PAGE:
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In your Operations Management: Processes and Supply Chains text, read the “Supply Chain Sustainability at Clif Bar and Company” case study on pages 597–598. Then respond to the case study’s questions 1–3 as your initial post for this discussion.
VIDEO CASE Supply Chain Sustainability at Clif Bar & Company
When Gary Erickson started out on one of his typical long-distance bike treks in 1990, he expected to have a great ride. What he did not expect was to come home with the idea for a sports nutrition energy bar that became the genesis of Clif Bar & Company.
After consuming most of his supply of Power Bars part way through the 175-mile ride, Erickson could not face the prospect of consuming another one. Instead, he figured he could come up with something better. Something sports enthusiasts would not mind eating in quantities while out on the road or the trail. The result? The CLIF® BAR, an all-natural combination of grains, nuts, and fruit, with far more taste appeal than the standard energy bar of the time.
Today, the Berkeley, California-based company has over 100 stock-keeping units, or SKUs, in its product mix, including numerous flavorful versions of the original CLIF BAR plus brands such as LUNA®, The Whole Nutrition Bar for Women™; CLIF Kid Organic ZBaR™, The Whole Grain Energy bar for kids; CLIF Mojo™, The Sweet & Salty Trail Mix Bar; and CLIF Nectar®, an organic fruit and nut bar made with just five ingredients. CLIF BARs were originally distributed through cycling shops and other niche retail outlets but can now be found in a wide variety of retail outlets in the United States, such as Whole Foods, Trader Joe’s, REI, and even your local grocery store.
From the beginning, CLIF BARs were made from wholesome ingredients. Yet as Erickson looked at the ingredients being sourced for CLIF BAR, he realized that making a healthy food product and sourcing ingredients from farmers, ranchers, and cooperatives using organic growing techniques was a “natural” fit. The company made a commitment to both sustainable growing techniques and using only organic raw ingredients back then, and by 2003, had made CLIF BAR 70 percent certified organic. Since then, six of Clif Bar & Company’s CLIF and LUNA brands are now made with 70 percent organic ingredients or more.
The impact on the supply chain for sourcing organic ingredients is tremendous. First, there is a limited—but growing—number of organic growers for the ingredients Clif Bar uses. Second, growers who do not use pesticides, herbicides, and genetically modified plants are sometimes at risk of producing lower crop yields. Third, it can be more costly to store the ingredients. And fourth, as more companies commit to environmentally responsible programs and organic ingredients, competition is great for the available global supply.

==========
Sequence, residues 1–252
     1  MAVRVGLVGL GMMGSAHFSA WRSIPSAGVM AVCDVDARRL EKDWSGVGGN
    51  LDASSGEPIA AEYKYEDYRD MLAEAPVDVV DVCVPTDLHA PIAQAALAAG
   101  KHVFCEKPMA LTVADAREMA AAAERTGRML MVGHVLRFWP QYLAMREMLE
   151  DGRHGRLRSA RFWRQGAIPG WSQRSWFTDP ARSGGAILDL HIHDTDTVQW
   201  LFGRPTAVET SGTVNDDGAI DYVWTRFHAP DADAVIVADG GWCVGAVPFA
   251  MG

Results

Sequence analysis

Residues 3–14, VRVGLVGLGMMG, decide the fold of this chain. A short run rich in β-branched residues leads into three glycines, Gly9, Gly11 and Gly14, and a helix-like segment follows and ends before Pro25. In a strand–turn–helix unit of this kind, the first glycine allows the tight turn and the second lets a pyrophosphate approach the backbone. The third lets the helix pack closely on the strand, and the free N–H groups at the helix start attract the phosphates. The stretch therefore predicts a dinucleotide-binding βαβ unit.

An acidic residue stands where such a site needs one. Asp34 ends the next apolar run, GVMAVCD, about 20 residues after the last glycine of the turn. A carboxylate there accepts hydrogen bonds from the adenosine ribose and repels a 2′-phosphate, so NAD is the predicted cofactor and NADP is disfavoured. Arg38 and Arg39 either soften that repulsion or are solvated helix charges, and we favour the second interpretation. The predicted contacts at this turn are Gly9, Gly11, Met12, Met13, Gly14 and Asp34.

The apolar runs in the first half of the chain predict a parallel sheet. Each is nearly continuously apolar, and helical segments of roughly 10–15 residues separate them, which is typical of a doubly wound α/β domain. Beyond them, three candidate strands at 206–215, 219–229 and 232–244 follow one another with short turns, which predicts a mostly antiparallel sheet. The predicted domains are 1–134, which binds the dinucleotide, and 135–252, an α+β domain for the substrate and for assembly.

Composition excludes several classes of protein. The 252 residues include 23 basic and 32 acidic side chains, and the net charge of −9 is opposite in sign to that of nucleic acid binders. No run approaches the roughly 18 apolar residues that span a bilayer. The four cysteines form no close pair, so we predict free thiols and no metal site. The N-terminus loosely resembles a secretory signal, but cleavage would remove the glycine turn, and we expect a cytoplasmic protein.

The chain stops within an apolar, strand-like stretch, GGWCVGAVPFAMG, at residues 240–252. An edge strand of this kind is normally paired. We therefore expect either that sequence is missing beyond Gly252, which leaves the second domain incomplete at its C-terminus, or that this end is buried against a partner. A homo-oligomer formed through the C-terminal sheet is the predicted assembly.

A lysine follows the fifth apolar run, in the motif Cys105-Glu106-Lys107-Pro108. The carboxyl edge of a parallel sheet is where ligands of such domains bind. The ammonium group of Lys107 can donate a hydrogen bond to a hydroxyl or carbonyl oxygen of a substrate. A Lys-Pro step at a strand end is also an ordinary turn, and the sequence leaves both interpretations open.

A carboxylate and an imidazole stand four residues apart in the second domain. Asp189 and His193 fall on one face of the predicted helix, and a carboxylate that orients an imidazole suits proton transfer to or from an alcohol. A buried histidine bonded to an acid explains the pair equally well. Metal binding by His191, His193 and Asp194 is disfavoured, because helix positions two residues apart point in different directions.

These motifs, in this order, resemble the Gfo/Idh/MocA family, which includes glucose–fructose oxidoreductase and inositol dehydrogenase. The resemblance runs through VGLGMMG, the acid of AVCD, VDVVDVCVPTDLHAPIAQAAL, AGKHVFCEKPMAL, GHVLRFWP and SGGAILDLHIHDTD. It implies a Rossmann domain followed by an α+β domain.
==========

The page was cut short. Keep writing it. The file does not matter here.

The company’s forecasters and planners work hard to manage both the raw ingredient inventory flows from upstream suppliers and the finished goods flows to downstream customers to be sure products are available in the right quantities and right locations. Ordering on raw materials and packaging materials is aggregated to provide efficient sourcing. Production is planned, based on both input and output forecasts, to maximize customer service and minimize inventory. Several times a year, production plans are shared with business partners at all points of the supply chain to make sure the flow of ingredients and products is smooth, and that inventories do not accumulate at any point in the supply chain beyond planned volumes. Monthly forecasts and changes to plans also are communicated to all supply chain partners.
Clif Bar & Company managers know that consumers’ tastes for products change regularly, so new flavors and brands are periodically introduced into the various brands. Likewise, flavors are sometimes retired to make room for new ones. As the company’s research and development team prepares to move a new product idea from the test kitchen to the manufacturing plant, supply chain managers must get to work assuring any new ingredients can be procured.
As a smaller and privately owned company, Clif Bar does not own its manufacturing plants and distribution centers, and relies on contractual agreements with outsourcers in the United States. These supply chain business partners are carefully chosen for their ability to manufacture and distribute Clif Bar’s products, their commitment to quality, and their alignment with Clif Bar’s own value system. This value system, referred to as the company’s “Five Aspirations,” holds that Clif Bar & Company will work toward sustaining its people, brands, business, community, and the planet. Greg Ginsburg, Vice President of Supply Chain, wants to be sure all parts of the supply chain—owned or not—are in agreement with these aspirations. “We look at their energy sourcing, labor practices, and workplace environments. And where we source products from small cooperatives, we’ll go as far back as possible to assure those tiny growers know about our expectations,” says Ginsburg.
1. In what ways does Clif Bar have a sustainable supply chain?
2. Regarding financial responsibility, what business risks does Clif Bar & Company face with so many parts of its supply chain outsourced?
3. What issues or risks to sustainability could Clif Bar & Company encounter if it chose to expand to international markets?